By JOSH SIGLER
---- — When Jessica Metcalf arrived as Maconaquah’s varsity volleyball coach three seasons ago, she saw a Braves program with an exciting amount of untapped potential.
Maconaquah had volleyball success in recent memory with six Mid-Indiana Conference titles between 2000 and 2006 and sectional titles in ‘04 and ’06. But the years between that and Metcalf’s arrival left something to be desired.She observed a talent pool that was eager to improve and even hungrier to win. She’s used that desire to her advantage, and in just three seasons, has the Braves cemented as one of the area’s top programs.“We have a morale at Maconaquah,” Metcalf said. “Girls want to play because we win. We definitely want to continue building that morale and continue winning. Our young crowd is thrilled to come watch our games, and our [varsity and JV] girls feed off that. There’s a lot of excitement. [Junior varsity] coach [Katy] Parks and I see a lot of great things going on at the younger levels. We have a lot of volunteer coaches who come in and help. The girls just want to play.”The Braves enjoyed immediate success in Metcalf’s first season, going 23-9 and claiming an outright MIC championship before falling in a sectional final. The squad followed with a 19-14 campaign last season where it was able to navigate itself to a second straight MIC crown.
The Braves kept their hopes of a third straight outright MIC title alive Thursday night after fending off a late-charging Northwestern squad on the road in four sets, 25-12, 25-12, 23-25, 25-22.The Braves improved to 2-0 in league play.
Maconaquah was 10-3 overall at the close of last week. The Braves went 3-1 in the Rossville Invitational on Saturday, finishing as runners-up.
The Braves’ JV squad is also enjoying a strong season, going into last weekend with an undefeated record.
Quickly gaining the immediate enthusiasm of the girls at the high school level, one of Metcalf’s other priorities when she arrived was to create the opportunity for younger girls to get their start in the sport. With some of the top prep volleyball in the country being played in Indiana, particularly in the Muncie area, Metcalf knew that, in order to compete at the level she wanted, getting kids involved in the game as early as possible would be imperative. So far, it seems to be paying dividends.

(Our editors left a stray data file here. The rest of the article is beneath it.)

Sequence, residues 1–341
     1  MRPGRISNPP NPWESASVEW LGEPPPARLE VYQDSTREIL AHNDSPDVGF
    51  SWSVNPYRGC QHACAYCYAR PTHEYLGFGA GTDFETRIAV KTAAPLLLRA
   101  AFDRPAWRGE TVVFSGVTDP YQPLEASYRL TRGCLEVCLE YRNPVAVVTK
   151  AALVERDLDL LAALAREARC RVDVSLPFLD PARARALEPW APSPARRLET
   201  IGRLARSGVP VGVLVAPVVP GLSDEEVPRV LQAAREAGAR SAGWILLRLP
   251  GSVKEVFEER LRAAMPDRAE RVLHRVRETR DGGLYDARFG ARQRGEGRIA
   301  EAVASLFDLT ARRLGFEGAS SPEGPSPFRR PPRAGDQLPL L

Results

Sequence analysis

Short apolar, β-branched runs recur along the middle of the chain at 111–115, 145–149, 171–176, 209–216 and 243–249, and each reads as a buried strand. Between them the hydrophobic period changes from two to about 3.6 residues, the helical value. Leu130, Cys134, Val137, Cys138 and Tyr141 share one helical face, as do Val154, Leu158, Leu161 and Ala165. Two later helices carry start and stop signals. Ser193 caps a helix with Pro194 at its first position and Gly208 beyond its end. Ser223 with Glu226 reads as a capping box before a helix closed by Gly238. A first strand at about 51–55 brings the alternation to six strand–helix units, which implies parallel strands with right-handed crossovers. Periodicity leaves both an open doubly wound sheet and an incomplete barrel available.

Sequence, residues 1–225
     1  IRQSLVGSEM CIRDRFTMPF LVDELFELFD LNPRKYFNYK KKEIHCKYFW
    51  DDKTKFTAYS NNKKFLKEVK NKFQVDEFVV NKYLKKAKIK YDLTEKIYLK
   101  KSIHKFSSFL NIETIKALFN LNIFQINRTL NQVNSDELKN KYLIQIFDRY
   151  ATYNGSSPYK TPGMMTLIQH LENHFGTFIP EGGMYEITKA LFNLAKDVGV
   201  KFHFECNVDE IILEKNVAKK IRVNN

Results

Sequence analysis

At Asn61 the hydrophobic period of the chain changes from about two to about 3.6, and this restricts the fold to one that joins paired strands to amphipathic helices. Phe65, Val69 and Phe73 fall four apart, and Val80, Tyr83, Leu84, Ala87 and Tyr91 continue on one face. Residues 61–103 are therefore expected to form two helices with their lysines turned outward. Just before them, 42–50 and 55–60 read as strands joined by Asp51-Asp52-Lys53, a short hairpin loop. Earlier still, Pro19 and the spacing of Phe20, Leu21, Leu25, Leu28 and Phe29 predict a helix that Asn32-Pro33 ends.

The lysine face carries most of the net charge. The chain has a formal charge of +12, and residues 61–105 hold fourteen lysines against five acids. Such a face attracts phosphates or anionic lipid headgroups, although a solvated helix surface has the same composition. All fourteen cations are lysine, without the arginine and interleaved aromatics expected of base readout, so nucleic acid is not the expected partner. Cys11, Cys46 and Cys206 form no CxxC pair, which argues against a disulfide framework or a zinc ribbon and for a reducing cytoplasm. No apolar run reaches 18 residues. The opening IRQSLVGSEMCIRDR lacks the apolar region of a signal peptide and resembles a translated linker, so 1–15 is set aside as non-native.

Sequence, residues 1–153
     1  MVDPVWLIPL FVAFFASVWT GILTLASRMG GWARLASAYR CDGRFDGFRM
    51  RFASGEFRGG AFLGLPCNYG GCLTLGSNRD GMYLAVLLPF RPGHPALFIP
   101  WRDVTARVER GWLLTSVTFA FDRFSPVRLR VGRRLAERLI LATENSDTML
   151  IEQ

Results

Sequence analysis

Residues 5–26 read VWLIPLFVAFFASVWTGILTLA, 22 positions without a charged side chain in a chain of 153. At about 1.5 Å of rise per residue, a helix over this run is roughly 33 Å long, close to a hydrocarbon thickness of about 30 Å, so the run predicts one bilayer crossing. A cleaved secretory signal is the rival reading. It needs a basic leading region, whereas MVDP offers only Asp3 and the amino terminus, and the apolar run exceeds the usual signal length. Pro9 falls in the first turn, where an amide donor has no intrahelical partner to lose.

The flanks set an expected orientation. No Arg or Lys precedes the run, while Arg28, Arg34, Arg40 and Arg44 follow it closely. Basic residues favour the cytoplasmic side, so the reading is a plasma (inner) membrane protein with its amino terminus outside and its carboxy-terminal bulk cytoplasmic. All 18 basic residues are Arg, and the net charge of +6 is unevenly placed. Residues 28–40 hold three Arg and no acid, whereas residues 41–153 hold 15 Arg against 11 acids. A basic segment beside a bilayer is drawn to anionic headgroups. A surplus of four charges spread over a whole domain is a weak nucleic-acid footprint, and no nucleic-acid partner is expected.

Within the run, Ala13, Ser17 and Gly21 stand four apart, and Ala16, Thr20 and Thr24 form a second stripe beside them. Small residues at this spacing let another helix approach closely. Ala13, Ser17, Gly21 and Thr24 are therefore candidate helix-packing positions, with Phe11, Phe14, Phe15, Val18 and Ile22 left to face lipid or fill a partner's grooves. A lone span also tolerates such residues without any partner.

“We continue to reload,” she said. “We have second graders playing travel ball throughout the winter. That’s the difference. Our girls — there’re only two or three girls on the varsity who aren’t playing travel ball in the offseason. That’s key. The thing is these kids want to be good. And you can’t be good if you don’t practice. … Our girls are excited about playing volleyball. They want to come out on the court and put the time in. Coach [Dave] Hausner is a volunteer who stays after with the girls a couple nights a week to hit. And, that’s after they’ve put in a two-and-a-half hour practice. We just have to keep that going.”
Maconaquah’s varsity squad has enjoyed a solid start to the 2013 season, winning 10 of its first 13 matches with a deep, diverse roster of players who feature multi-faceted skillsets. The Braves feature a lineup overflowing with veteran experience, as well, including 10 upperclassmen — five seniors and five juniors.
“We have high hopes for this year,” Metcalf said. “What’s nice is we play as a team. A lot of squads have a dominating player. We don’t necessarily have one dominating player. We have many dominating players. We are very aggressive in the front row and back row. To say this is a very good team — yes, our expectations are very high.”
Against Northwestern last week, Maconaquah cruised through the match’s first two sets, but was unable regain that form down the stretch, giving the Purple Tigers a chance to get back in the match.
“I told the girls I was very impressed with their play in the first and second sets,” Metcalf said. “That third set — I was very disappointed. Point for point — every time they made a mistake, we made a mistake. And, I told them ‘As the season goes on, you can’t point-for-point a team like that.’ We really have to be more alert about where we are on the court, what we’re doing and work on minimizing our mistakes. We have to capitalize on the mistakes our opponents are making.”
Michaela Walters finished with eight kills, 22 digs and nine service points for the Braves. Ally Exmeyer added 12 kills and eight points. Jalyn Windsor added 10 kills. Madison Turner finished with 28 digs and 18 points. Emily Wilson led the defense with 40 digs, and Lynnsie Arion dished 30 assists.
Maconaquah followed that up with a 3-1 showing in the Rossville Invitational. The Braves opened the day with a 25-18, 25-16 win over Seeger and followed with a 25-12, 25-18 win over Cass. The Braves then topped Rossville 26-25, 25-22 before falling to Mississinewa in the championship round, 26-24, 25-17.Wilson had 69 digs on the day for Maconaquah. Arion dished out 44 assists. Turner added 47 digs. Windsor finished with 20 kills. Walters added 15 kills and 22 digs and Exmeyer added 14 kills.
“We couldn’t find our groove in the second set of the championship match,” Metcalf said. “We came out playing very flat. I’m not sure if it was the sitting for two games or what the problem was, but nothing seemed to work for us. Our passing wasn’t as accurate as it was earlier in the day, so that took away from being able to run an offense. Jalyn only had one kill in the last match, and that shows that things weren’t clicking.”
Metcalf is also quick to point out the importance of the coaching staff balancing immediate criticism during practices and after matches with praise and rewards for effort and dedication.
“I think staying positive with the girls has been huge,” she said. “And that’s not to say we have our down moments, because we do. I tell the girls ‘If you’re giving me 100 percent I’m not going to be disappointed.’ We can’t be a going-through-the-motions team.”